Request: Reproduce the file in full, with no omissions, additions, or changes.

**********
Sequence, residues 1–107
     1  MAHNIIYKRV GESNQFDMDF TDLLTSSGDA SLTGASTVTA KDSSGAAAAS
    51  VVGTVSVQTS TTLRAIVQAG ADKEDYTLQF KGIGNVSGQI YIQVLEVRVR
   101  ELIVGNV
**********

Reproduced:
Sequence, residues 1–107
     1  MAHNIIYKRV GESNQFDMDF TDLLTSSGDA SLTGASTVTA KDSSGAAAAS
    51  VVGTVSVQTS TTLRAIVQAG ADKEDYTLQF KGIGNVSGQI YIQVLEVRVR
   101  ELIVGNV